The Liberal Silent Majority
A few days before Bernie Sanders lost badly in the New York primary, 27,000 souls filled Washington Square Park, many wildly cheering him on. The political media consensus interpreted the scene as evidence of surging support for the senator from Vermont. It did not occur to them that:
--The crowd almost certainly included many Hillary Clinton supporters just out to hear what Bernie had to say -- not to mention some stray Republicans.
--It included tourists who, on a pleasant spring evening, happened on an exciting event and hung around.
--Some attendees were Bernie backers who had neglected to register as Democrats in time for the Democratic primary.
--The numbers at Washington Square were dwarfed by the battalions of working-class New Yorkers juggling two children and three jobs. These mostly Clinton voters were unable to attend any rally.
This last group is the subject here. It is the silent liberal majority.
Richard Nixon popularized the term "silent majority" in 1969. He was referring to the Middle Americans appalled by the Vietnam-era protests and associated social chaos. They didn't demonstrate, and the so-called media elite ignored them.
Today's liberal version of the silent majority is heavy with minorities and older people. Its members tend to be more socially conservative than those on the hard left and believe President Obama is a good leader.
Obamacare has brought medical coverage to 90 percent of the population, with the greatest gains among Latinos. Thus, a politician who repeatedly complains that this is "the only major country that doesn't guarantee health care to all people as a right" sounds a bit off.
Many political reporters belong to the white gentry that has fueled the Sanders phenomenon. Nothing wrong with that, as long as they know where they're coming from. But some don't seem to know about the vast galaxies of Democratic voters beyond the university and hipster ZIP codes.
In so many races -- including those of the other party -- reporters confine themselves to carefully staged political events and a few interviews with conveniently placed participants. From the atmospherics, they deduce the level of support for a particular candidate.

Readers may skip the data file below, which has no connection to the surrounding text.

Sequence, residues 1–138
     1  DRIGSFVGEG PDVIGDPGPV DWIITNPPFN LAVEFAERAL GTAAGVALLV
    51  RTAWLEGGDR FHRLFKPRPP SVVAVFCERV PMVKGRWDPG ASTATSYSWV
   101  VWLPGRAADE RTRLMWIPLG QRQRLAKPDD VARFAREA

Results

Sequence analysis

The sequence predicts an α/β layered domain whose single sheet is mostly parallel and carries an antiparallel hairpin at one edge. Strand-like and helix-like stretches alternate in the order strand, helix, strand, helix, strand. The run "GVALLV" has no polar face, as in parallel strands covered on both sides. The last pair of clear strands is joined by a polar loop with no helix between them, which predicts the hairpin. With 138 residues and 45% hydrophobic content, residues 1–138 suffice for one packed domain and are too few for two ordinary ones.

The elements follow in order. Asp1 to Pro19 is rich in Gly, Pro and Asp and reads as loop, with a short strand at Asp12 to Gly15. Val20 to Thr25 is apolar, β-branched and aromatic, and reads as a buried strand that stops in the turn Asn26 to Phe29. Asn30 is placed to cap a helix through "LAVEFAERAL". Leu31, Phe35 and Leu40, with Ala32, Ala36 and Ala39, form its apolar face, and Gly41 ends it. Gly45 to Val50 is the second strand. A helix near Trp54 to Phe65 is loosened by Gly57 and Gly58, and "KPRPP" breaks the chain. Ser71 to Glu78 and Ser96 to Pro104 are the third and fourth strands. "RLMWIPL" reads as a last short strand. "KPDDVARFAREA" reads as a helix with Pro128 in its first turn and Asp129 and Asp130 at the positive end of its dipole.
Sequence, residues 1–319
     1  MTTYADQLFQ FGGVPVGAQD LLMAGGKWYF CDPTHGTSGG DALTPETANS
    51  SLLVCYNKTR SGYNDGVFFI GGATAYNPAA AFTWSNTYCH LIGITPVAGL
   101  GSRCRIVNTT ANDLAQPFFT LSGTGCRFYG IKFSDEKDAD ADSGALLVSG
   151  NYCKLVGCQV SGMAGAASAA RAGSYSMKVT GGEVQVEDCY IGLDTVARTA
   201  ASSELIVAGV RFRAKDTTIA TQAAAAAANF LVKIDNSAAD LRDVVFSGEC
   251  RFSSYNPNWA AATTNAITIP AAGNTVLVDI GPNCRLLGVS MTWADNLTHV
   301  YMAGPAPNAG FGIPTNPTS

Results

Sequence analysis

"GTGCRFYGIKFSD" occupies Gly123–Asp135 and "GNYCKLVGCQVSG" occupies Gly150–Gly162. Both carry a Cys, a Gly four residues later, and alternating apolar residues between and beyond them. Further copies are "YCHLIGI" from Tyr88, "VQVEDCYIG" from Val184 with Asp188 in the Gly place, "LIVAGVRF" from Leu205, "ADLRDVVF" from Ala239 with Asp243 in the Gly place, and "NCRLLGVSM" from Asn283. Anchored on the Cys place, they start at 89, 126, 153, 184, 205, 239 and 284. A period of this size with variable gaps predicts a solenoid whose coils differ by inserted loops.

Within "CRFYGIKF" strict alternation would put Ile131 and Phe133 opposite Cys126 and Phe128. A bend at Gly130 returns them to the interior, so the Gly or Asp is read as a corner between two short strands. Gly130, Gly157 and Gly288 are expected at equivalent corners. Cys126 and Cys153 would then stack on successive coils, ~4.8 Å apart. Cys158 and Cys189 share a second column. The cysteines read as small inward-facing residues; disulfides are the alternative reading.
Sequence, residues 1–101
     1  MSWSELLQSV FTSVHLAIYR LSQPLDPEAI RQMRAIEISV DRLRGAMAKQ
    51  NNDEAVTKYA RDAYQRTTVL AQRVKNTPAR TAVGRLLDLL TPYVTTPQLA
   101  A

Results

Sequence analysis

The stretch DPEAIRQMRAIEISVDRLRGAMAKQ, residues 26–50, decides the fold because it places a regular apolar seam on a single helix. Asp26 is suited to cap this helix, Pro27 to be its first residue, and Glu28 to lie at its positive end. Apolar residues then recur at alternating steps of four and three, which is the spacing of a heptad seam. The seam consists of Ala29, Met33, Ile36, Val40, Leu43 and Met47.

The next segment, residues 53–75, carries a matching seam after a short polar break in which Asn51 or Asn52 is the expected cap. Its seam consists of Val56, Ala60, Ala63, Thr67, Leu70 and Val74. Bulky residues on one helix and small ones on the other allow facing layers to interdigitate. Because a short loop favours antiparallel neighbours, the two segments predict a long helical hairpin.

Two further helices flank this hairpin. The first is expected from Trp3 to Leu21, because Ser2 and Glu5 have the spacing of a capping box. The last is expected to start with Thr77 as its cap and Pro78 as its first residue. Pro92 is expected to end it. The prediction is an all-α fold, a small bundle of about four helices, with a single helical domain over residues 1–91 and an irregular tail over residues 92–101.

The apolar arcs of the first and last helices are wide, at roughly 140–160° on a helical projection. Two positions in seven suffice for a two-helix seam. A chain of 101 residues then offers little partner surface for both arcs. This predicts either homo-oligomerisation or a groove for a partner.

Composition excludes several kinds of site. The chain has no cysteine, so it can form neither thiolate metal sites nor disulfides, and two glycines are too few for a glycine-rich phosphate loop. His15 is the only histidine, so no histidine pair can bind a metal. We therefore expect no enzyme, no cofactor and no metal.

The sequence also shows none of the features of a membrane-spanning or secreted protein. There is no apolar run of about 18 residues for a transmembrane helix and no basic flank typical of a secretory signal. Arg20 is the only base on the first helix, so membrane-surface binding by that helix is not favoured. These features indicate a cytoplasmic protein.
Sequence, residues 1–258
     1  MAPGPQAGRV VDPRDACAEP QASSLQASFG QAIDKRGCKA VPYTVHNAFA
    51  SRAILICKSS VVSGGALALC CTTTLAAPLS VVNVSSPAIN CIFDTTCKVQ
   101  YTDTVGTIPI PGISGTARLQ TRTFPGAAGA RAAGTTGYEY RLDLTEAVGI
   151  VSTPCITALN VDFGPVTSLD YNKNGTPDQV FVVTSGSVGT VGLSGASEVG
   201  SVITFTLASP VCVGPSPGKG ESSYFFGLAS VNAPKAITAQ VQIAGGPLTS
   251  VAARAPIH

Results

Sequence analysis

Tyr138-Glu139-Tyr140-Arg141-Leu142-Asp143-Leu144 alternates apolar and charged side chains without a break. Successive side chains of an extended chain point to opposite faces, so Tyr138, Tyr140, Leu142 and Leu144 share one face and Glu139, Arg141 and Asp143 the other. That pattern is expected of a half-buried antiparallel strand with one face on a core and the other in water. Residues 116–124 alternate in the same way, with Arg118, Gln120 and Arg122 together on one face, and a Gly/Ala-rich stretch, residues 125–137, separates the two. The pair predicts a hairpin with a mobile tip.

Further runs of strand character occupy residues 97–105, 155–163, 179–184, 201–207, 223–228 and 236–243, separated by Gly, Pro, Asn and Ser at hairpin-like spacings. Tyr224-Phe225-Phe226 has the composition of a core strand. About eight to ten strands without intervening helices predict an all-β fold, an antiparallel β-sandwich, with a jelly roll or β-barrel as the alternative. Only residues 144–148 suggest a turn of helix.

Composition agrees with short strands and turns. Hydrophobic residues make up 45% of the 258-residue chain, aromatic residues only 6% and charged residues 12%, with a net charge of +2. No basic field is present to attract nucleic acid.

It can't be repeated often enough that a passionate vote counts no more than one cast with quiet consent or even resignation. Here are three examples of political analysts forgetting this:
Commenting on the lively debate in Brooklyn, columnist Frank Bruni concluded that the Sanders camp is "where the fiercest energy in the party resides right now." How did he know? "It was audible on Thursday night, in the boos from the audience that sometimes rained down on Clinton."
So, how many people were booing? Three? Four? Who were they? They possibly could have been Hillary people trying to summon sympathy for their candidate (which the booing undoubtedly did).
The day after the packed Sanders rally in Greenwich Village, CNN looped videos contrasting that massive turnout with the much smaller group listening to Clinton in the Bronx. That's as deep as this story went.
Early this month, New York magazine posted a piece titled "In the South Bronx, Bernie Sanders Gives Clinton Cause for Concern." The reporter's evidence was a sizable and "raucous" Sanders rally headlined by a handful of black and Latino celebrities.
We await the magazine's follow-up analysis on how Clinton won 70 percent of the Bronx vote. Someone must have voted for her.
This is not to chide the Sanders campaign. Its job was to create an impression of mass support for its candidate -- and job well-done. Rather, it's to remind the media that there's a huge electorate outside the focus of managed campaign events. And silent majorities, by their very nature, tend not to get noticed.
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